Shark Tank Meets AACC’s Elevator Pitch Competition



A riveting contest, the Elevator Pitch Competition, went down on Thursday April 26. Each competitor had only 2 minutes to pitch an entire business plan to the judges in hopes of winning a $750 Scholarship.

Neil Kenworthy, Reporter

The pressure was on for students participating in AACC’s sixth annual Big Idea Elevator Pitch Competition.

In this “Shark Tank” inspired contest, students have two minutes to pitch their idea to a group of four judges. The idea being that the students have an elevator ride’s worth of time to pitch their product, said AACC instructional specialist Stephen Berry.

This year’s panel of judges included Wade Barnes, director of retail marketing at 1st Mariner Bank; Lisa Ennis, owner of Eccentrics Spa; Stephen Hall, owner of Maryland Sales Training; and Peter DeAngelo, managing director of Business Renewal Partners, LLC.

First place belonged to John Teabo for his “What Am I Eating” nutrition application. He received a $750 scholarship and plenty of business cards for winning this year’s competition.

“I thought of starting a business around this idea,” said Teabo, “but then I thought why not bring it to everyone through an app.”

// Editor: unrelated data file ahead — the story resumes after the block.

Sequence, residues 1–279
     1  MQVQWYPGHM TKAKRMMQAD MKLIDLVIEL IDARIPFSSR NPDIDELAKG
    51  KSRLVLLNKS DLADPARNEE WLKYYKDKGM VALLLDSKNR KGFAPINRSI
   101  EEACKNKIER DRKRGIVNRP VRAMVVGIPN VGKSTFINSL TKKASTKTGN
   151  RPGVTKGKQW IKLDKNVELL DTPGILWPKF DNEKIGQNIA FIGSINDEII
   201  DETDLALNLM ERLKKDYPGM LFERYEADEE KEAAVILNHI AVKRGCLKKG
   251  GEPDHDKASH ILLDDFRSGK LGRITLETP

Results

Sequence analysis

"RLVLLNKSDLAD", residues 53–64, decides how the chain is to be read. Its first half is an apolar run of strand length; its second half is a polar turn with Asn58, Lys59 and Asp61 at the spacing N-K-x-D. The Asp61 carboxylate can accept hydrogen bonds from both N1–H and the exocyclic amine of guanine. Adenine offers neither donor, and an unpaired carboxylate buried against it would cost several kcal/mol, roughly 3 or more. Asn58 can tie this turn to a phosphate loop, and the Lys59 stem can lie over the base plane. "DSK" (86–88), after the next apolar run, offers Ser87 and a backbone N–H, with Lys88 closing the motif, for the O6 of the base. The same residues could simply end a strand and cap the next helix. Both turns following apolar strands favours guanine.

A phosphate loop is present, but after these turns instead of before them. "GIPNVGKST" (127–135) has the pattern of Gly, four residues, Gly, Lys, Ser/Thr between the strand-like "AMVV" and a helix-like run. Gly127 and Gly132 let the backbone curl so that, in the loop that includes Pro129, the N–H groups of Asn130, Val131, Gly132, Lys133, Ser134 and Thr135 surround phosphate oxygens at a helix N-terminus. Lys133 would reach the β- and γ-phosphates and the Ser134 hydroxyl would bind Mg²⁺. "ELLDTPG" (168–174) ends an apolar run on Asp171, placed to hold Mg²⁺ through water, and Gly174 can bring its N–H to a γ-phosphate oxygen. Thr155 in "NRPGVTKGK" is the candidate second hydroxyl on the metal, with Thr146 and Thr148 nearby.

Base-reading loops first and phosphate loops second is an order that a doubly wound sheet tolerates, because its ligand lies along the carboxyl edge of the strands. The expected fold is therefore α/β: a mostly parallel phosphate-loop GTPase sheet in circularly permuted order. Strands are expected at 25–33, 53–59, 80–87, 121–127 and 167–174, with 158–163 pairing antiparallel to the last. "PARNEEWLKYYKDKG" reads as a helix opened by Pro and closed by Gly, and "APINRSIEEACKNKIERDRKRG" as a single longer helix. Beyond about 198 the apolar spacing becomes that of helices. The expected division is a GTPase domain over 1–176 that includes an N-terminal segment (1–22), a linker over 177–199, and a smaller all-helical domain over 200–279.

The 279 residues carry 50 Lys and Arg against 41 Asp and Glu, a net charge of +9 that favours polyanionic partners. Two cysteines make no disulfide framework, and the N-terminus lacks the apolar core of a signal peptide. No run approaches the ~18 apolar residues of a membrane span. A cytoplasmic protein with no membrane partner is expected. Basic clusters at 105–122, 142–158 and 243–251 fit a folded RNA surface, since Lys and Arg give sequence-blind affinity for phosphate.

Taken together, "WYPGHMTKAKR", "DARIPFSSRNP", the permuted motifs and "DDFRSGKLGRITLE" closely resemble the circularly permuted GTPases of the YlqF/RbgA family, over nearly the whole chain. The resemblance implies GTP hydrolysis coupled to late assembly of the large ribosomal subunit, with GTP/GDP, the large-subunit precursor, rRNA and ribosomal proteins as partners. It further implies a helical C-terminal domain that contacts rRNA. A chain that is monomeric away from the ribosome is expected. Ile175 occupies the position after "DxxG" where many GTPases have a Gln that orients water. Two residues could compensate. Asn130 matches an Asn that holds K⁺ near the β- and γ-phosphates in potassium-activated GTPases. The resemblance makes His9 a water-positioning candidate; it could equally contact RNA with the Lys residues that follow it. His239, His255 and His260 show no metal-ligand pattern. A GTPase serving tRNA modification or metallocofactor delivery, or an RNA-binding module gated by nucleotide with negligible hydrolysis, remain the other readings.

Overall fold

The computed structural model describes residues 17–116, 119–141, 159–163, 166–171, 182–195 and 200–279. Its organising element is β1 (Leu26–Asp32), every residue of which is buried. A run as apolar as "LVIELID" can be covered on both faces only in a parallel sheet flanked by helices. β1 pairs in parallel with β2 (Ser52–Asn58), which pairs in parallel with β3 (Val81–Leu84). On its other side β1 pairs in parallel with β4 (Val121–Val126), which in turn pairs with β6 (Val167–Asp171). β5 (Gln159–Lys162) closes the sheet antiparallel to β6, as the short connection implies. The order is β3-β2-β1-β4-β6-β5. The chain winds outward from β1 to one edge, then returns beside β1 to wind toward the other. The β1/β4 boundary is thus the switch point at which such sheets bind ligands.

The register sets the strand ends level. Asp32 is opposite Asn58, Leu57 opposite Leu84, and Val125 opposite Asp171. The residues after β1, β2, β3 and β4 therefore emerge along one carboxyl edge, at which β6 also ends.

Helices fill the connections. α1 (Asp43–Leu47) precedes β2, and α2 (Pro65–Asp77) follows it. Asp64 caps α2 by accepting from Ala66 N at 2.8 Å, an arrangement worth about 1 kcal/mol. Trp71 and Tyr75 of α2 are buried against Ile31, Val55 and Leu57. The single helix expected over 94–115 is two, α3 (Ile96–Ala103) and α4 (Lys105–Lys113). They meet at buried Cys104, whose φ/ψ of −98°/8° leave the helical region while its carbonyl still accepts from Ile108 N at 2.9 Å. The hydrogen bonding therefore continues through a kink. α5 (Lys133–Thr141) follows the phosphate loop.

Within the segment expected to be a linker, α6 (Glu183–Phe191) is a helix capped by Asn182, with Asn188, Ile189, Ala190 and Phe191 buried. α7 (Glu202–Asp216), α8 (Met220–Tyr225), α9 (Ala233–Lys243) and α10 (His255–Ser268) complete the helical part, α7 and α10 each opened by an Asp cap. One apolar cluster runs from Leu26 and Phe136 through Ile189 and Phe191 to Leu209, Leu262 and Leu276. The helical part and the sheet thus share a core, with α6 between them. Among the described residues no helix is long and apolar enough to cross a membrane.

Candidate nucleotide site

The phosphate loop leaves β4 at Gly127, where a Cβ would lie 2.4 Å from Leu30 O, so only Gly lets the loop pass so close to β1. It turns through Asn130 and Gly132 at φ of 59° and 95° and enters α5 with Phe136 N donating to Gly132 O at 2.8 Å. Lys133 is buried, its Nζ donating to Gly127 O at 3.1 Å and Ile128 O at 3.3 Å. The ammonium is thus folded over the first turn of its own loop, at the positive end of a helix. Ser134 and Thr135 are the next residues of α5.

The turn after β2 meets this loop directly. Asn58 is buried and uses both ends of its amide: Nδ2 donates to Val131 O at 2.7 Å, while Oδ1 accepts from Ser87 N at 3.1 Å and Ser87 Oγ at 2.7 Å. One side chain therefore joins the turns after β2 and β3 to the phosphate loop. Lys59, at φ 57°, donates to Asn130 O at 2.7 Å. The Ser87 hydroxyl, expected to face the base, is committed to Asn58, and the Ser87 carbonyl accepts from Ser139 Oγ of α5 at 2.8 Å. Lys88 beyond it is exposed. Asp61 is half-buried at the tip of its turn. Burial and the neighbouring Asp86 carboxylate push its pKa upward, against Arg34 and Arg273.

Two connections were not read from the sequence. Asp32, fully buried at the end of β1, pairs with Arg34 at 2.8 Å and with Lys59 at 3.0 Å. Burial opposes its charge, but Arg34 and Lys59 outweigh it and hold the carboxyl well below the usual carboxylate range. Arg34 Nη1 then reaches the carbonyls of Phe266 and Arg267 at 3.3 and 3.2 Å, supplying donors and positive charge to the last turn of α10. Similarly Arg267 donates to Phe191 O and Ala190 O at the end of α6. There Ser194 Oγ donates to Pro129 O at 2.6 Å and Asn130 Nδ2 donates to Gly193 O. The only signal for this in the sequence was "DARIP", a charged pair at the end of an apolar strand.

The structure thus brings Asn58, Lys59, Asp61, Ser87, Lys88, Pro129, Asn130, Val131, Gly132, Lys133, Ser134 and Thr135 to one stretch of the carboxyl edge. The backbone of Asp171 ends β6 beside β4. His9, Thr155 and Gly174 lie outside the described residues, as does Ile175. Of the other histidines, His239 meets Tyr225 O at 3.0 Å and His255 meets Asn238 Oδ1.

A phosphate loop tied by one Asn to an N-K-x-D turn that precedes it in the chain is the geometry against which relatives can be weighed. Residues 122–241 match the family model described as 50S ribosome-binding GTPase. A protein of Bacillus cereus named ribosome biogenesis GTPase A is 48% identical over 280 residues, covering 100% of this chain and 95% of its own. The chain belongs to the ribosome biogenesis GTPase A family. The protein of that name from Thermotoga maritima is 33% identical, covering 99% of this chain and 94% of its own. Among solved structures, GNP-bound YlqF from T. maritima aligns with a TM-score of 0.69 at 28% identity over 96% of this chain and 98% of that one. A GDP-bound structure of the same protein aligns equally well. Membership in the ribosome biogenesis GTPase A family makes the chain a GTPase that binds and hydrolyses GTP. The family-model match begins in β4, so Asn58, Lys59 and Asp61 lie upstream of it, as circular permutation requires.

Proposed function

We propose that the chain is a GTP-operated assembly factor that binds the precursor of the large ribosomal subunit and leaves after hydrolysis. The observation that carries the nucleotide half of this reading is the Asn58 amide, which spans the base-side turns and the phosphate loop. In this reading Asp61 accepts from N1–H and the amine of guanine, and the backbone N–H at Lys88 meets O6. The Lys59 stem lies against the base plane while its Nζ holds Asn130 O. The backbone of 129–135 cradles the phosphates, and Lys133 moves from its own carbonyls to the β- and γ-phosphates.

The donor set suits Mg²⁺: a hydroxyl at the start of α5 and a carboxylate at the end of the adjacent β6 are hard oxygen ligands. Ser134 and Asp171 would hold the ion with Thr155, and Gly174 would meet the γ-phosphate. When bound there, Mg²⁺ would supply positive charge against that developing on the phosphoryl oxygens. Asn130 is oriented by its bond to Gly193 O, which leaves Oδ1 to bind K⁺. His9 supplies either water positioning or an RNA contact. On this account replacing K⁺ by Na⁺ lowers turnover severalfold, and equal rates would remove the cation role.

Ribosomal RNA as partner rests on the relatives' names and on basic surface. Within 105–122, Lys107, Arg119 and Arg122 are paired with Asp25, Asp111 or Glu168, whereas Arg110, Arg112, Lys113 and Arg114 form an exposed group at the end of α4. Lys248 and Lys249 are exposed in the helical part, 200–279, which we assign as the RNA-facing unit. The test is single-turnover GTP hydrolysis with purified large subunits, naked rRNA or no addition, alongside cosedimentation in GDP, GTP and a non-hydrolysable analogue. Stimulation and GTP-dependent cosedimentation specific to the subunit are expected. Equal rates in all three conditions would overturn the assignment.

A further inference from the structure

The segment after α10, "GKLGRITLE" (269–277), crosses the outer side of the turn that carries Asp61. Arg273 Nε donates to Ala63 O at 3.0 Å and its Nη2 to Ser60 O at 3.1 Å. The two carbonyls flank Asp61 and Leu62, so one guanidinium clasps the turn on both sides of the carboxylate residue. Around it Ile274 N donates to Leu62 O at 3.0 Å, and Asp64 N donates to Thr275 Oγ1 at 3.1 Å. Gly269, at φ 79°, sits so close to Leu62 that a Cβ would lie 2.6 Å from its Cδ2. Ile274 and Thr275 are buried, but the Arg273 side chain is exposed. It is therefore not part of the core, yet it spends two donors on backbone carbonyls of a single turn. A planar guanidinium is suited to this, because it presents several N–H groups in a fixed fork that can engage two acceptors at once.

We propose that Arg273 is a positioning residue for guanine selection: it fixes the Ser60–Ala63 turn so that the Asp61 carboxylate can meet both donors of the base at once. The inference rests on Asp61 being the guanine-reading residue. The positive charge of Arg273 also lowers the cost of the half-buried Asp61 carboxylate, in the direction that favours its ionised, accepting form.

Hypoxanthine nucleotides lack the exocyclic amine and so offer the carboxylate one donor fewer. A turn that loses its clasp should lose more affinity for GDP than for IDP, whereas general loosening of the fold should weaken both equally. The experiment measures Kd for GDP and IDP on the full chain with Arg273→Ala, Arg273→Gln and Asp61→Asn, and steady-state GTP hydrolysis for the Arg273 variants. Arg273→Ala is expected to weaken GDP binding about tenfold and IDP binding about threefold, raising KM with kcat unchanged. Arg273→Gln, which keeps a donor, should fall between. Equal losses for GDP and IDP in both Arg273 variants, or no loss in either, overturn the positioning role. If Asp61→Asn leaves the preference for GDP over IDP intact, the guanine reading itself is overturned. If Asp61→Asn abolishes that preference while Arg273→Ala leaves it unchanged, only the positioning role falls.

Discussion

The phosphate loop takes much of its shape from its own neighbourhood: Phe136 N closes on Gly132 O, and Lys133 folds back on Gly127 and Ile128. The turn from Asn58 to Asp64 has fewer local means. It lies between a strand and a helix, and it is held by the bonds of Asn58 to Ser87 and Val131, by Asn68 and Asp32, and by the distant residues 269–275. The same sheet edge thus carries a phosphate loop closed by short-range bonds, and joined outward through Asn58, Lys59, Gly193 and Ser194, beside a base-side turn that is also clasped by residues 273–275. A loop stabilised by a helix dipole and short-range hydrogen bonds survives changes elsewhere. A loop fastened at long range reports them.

The app allows the user to scan whatever they are about to eat and it will deliver an “H-rating” for the general healthiness of that food. It also provides the user with detailed information on how each nutrient or chemical will affect them.

“As I ate healthier, my friend taught me how to look into the calories that I am eating and not just the calories themselves,” said Teabo on how he developed the idea for the app.

The technology category also featured Matthew Garufi and Christopher Diener winning second place for their Bus Finder pitch, which is an app that allows students to track school buses.

First place in the general category presentations was won by Ryan Blomeley for his pitch to start RMI Wing Sails, a company that would make wing sails for everyday boats.

“It’s amazing how creative and excited the students are,” said Berry. “Their competitiveness on top of that really makes this event special.”

The Big Idea competition is unique in that it gives students the opportunity to interact with business people. Wade Barnes is one of those business people, and he participated as a judge.

“I love the energy that these kids have,” said Barnes on his favorite part of the competition, “it’s really refreshing.”

Unique ideas with something special about them are what he looks for from a judge’s perspective, said Barnes.

Business Education will continue its series of contests on May 1 during the twelfth annual Business Plan Competition where students will have the opportunity to present their plans to investors for start-up funds.